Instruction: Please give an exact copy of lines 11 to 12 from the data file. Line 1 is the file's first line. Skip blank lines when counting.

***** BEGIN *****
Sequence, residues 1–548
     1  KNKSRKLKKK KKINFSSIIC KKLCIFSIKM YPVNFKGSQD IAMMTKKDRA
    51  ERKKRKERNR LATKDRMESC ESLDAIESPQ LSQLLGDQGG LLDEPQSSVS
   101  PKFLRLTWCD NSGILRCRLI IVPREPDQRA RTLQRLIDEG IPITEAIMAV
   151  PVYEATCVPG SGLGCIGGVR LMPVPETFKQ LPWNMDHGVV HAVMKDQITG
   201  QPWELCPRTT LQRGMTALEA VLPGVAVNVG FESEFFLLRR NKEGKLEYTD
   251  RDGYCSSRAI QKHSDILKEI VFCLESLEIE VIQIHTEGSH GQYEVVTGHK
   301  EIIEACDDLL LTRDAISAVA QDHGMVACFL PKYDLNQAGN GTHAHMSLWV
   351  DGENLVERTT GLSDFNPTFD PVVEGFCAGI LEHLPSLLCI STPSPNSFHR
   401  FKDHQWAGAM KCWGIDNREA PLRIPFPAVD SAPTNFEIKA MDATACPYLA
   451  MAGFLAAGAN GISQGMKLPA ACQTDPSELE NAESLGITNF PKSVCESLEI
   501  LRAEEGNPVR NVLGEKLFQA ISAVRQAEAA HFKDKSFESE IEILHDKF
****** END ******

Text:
   451  MAGFLAAGAN GISQGMKLPA ACQTDPSELE NAESLGITNF PKSVCESLEI
   501  LRAEEGNPVR NVLGEKLFQA ISAVRQAEAA HFKDKSFESE IEILHDKF